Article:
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The Solaris TrapSun has announced that the source code to Solaris - its proprietary version of Unix - will be released under the "Sun Community Source License." Much speculation has already happened regarding the effects that this release will have on Linux, but much of that overlooks a serious threat posed by this release. By creating the temptation to incorporate non-free code into parts of Linux, this release could open up the Linux community to a long and crippling series of intellectual property fights and lawsuits.
On the face of it, the release of Solaris seems like a good thing. Solaris has its faults - nobody is likely to try to emulate its approach to modems and serial ports, for example - but it also has a lot of good features. Won't it be great to have all that code out there in the open?
And, in fact, users of Solaris will certainly benefit from this release. They will be able to fix problems and make enhancements so that the system they are already working with will work better. This move may prove to be a good one on Sun's part in that it may help to keep current users from defecting to Linux.
The problem, however, lies in the Sun Community Source License. The SCSL is not a free software license. It provides for three tiers of users, and imposes restrictions on all of them. Redistribution, in particular, is difficult, and commercial use requires that licensing fees be paid to Sun. To mix SCSL and GPL code, in particular, appears to be a violation of both licenses.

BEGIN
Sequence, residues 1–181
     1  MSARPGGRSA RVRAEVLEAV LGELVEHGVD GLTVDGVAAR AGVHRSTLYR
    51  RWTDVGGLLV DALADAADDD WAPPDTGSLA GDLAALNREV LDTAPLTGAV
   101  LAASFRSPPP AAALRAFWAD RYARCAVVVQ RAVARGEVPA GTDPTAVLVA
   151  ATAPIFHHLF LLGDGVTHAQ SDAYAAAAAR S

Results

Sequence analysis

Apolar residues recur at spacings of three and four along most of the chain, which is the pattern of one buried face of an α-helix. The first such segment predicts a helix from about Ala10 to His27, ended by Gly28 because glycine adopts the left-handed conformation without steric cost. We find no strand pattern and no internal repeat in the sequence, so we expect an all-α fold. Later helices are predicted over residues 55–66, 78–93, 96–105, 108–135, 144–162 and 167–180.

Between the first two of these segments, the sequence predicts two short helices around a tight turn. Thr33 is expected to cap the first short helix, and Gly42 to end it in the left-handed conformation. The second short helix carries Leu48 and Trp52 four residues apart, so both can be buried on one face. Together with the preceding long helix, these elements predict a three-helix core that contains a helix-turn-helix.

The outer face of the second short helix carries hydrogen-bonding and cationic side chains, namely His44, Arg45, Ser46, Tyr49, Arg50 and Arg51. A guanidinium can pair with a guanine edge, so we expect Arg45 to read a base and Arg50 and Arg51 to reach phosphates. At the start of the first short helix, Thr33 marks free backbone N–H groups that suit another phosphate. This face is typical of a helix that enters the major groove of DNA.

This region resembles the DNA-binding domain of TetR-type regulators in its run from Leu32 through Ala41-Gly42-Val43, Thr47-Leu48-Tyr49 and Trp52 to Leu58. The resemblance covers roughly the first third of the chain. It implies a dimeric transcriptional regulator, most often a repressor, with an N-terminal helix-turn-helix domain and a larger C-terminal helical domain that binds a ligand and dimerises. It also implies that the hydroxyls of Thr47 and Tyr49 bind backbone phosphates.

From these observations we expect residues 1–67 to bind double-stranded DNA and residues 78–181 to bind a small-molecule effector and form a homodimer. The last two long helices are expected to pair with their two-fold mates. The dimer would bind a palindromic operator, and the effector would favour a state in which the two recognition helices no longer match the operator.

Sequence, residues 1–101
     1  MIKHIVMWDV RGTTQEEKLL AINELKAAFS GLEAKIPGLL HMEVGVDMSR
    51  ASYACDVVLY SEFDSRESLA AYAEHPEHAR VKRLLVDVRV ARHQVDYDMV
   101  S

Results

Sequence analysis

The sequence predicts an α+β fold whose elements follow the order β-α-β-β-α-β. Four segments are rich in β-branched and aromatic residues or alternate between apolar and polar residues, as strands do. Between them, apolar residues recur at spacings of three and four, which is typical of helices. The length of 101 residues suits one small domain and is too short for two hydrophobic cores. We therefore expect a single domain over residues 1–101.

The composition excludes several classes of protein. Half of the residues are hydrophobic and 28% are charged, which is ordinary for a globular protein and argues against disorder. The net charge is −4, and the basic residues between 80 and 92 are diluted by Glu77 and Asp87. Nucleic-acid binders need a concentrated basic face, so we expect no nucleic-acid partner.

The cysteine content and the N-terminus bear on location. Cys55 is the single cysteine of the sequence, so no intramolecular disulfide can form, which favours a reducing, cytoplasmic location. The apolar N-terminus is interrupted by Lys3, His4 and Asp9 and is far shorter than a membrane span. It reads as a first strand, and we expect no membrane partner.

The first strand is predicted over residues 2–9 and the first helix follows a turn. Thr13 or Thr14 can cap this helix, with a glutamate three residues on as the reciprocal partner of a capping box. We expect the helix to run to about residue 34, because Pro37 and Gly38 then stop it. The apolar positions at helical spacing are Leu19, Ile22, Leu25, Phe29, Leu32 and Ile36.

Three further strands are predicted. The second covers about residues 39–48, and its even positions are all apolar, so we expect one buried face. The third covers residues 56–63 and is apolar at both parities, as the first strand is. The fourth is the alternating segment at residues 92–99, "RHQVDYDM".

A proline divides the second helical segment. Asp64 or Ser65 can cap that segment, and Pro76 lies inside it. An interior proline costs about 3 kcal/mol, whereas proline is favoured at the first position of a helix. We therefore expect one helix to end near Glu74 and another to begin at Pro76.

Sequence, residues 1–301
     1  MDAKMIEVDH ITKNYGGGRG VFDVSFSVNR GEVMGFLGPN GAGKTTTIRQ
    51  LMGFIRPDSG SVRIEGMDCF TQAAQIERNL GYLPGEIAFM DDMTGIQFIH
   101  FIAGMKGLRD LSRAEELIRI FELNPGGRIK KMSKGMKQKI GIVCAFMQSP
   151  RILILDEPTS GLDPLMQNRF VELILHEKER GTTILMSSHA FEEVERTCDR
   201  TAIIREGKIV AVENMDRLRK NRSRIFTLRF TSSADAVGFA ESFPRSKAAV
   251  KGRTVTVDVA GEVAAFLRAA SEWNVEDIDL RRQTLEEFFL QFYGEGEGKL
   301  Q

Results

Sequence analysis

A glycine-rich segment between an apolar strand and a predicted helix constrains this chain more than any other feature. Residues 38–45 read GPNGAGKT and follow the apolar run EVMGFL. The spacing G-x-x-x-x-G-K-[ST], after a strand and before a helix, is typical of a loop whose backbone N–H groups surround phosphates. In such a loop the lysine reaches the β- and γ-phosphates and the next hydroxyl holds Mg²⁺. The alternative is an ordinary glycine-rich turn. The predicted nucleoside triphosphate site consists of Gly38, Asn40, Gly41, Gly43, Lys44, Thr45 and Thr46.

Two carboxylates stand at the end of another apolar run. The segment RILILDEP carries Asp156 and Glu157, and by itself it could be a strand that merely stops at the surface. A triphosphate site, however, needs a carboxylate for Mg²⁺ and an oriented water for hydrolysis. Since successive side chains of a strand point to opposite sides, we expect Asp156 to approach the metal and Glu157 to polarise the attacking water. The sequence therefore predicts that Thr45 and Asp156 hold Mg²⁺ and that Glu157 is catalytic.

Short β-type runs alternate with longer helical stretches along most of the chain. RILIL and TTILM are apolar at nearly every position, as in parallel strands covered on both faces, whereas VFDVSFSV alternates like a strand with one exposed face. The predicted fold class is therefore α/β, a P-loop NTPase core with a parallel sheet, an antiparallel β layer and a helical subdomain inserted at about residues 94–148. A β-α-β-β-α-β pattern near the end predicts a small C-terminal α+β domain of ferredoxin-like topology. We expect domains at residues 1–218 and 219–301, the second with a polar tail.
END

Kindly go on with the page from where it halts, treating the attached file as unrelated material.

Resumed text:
And herein lies the danger: the release of Solaris, whenever it actually happens, will make available a large body of code. Much of that code will be potentially useful within the Linux kernel or elsewhere within a larger Linux system. Some of this code will provide invaluable information on how Sun's hardware works.
It seems only a matter of time until some SCSL code leaks into Linux somewhere. Even highly alert maintainers who are determined to keep out incompatibly-licensed code can not be expected to recognize anything that may have had its origins on Solaris somewhere. This sort of leak can happen anywhere in the system and, while the insertion of SCSL code could be done maliciously, it could just as easily happen via laziness or a simple mistake.
That is when the trouble starts. What happens when Sun starts seeking damages against distributors and vendors? When many thousands of CD's are already in circulation, a simple "cease and desist" may not be sufficient - they could go for serious monetary penalties. At a minimum, we are looking at disruptions in Linux distributions and ugly headlines; worse cases could involve some Linux companies going out of business.
It is highly unlikely that Sun is releasing Solaris with this sort of attack in mind. But that does not mean that Sun will not vigorously defend its intellectual property once it sees a violation of the license somewhere. Until such a time as Sun wakes up and puts Solaris under a free software license, freely-available Solaris code is a trap which must be approached most carefully.
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